Artists Praise Ex-You Am I Manager Kate Stewart Ahead Of Benefit Gig

11 March 2019 | 10:39 am | Staff Writer

"Kate's devotion and passion for music helped bring to life and shape the Sydney music scene in the '90s."

More You Am I More You Am I

Ahead of this Friday's benefit gig for ex-You Am I Manager, Kate Stewart, some of the artists set to perform at Enmore Theatre have spoken about the importance Stewart had on their careers and Australian music. 

After suffering a severe stroke last September, Stewart will be honoured at the show by the likes of Bernard Fanning, Paul Dempsey and of course, You Am I, with all proceeds going towards the Kate Stewart Appeal.

Check out the tributes below and for more details on the gig, click on theGuide or scroll down.


I was so honoured when Tim Rogers asked me to perform at Kate's benefit. She played such a big role in the early days for You Am I - a band with voluminous spark and verve, a band that influenced my songwriting and my guitar playing. Kate's devotion and passion for music helped bring to life and shape the Sydney music scene in the '90s. 


Quality people. Quality musicians. All getting together to help out a mate in one of Australia’s best venues to see bands. What could go wrong? 

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It was 1993 and the You Am I launch of Sound As Ever at The Phoenician Club on Broadway. CROW had just played and we made our way to the generously-sized band room upstairs. It was packed throughout the venue and the band room no exception. The room descended into an ambience level somewhat on par with the screeching and squall of the stage. Out of this cacophony came the piercing cry of a young woman, “If you’re not in You Am I, can you please fuck off!" Heads immediately turned to sight the proclaimer and the room started to empty. This is how I first recollect Kate Stewart. As the room thinned out, Kate quickly and adeptly let a bunch of us know individually, "You can stay", and "I don’t mean you". She had to be tough but that didn't mean she was ever rude or dismissive, and Kate had every right to give the band who were riding a pretty exciting wave, a bit of space and room to focus on the task ahead.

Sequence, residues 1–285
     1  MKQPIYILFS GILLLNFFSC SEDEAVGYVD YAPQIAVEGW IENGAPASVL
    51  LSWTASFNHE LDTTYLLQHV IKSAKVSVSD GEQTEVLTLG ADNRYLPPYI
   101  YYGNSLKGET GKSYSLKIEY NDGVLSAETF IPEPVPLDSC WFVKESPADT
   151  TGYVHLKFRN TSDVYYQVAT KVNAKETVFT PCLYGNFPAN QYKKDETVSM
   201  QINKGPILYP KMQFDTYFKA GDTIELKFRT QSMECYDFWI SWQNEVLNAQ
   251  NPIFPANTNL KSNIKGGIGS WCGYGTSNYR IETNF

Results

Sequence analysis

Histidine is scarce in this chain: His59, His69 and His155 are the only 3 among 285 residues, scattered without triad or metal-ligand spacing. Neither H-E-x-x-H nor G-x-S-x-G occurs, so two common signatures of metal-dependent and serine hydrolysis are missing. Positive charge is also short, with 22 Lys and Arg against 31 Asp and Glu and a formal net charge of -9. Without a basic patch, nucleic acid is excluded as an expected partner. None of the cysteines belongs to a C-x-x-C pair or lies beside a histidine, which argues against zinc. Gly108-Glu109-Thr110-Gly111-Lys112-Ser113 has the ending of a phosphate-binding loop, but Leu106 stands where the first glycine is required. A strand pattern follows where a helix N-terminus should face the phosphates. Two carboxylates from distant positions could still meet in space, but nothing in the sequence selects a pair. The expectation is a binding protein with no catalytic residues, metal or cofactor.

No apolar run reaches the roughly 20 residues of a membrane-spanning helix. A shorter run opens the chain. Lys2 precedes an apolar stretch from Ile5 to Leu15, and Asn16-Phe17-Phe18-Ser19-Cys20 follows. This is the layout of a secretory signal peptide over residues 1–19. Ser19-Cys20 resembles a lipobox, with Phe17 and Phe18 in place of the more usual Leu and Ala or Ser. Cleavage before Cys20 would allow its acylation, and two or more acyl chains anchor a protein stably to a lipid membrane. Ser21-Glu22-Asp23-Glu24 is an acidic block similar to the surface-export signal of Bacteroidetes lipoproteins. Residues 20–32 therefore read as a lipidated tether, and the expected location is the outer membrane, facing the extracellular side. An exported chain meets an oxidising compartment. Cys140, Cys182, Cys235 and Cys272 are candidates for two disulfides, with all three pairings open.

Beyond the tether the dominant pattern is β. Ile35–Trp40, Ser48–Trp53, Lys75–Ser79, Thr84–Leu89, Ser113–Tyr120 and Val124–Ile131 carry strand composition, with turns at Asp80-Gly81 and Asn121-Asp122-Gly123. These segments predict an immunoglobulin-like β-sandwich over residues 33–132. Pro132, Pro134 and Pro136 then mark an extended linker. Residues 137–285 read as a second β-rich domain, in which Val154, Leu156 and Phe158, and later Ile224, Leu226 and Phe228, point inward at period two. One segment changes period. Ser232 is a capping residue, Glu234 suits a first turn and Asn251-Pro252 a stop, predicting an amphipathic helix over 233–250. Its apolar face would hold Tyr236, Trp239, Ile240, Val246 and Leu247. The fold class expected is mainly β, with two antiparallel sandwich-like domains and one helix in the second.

We got to know Kate in those wild years and she never failed to display generosity, care, politeness and integrity. It’s a known observable fact that men tend to show their affection by doing stuff; mowing the lawn, washing the car, buying beer and alphabetising the record collection... and we intend to follow this tradition and play the mightiest show we can muster, to show her we care, love and wish her well.


Kate and Smudge (in our various guises) go back until before the mists of Teen Spirit. Always a getter-of-things done and figurative herder of cats, we couldn't have asked for a more level head and sterner presence if we were crossing gig paths. If you did it the Kate way, you did it right. Kate has always been the glue to Sydney (and beyond) music's crazy and we can't wait to mach schau for her. We'll tip one or two for you dear Kate and then come and enjoy a few with you soon. Love to you, love Smudge.


I know what an important and loved member of the You Am I family Kate Stewart is so I didn’t even give it a second thought when asked if I would be involved in the Concert for Kate. It’s a night of mates getting together to help a mate so I think the atmosphere will be really special and I know there’s also going to be some collaborations and covers that people are not likely to see again so it’s going to be a lot of fun. And I’m quietly confident that no one is going to make a single Something for Kate joke. Actually, I’m sure of it. 


Before we had half a clue, our band approached Kate Stewart for some advice on how to get shows, how to make a record, how to be a group. We asked her because she had a reputation for being a straight talker, no bluster, and someone who thrived on getting stuff done. She was also a great late-night drinker, raconteur, confidante. To our enormous surprise she suggested management. Rapidly we got an education in ethics and morality in a community where the edges on such behaviour were often blurred. As Rusty has written, she was our centre of moral authority. And our friend. When she gave us our ten bucks a day on tour for “sustenance” it came with sage advice on how to stretch it. When that per diem bulged to twenty, the nights after a show just got longer. As offers and shows came our way, and no doubt our sense of our worth bloated, Kate persistently reminded us in no uncertain terms that we were of no more worth than the gals and guys lugging gear, rolling leads, stamping the wrists, no matter how much bloody velvet we were wearing. We shared floors, vans, longnecks, fights and a thousand sweaty hugs. She was the first person to give us a chance, and the last person out of the venue for hundreds, maybe thousands of shows. Though we parted ways a while back we remain dear friends, as again, she has given us chances when we maybe didn’t deserve them. Now she needs some help (she never asked for it. Never would.) So, we are putting on a show with some wags who also wanna give a little something back to the woman who gave us everything.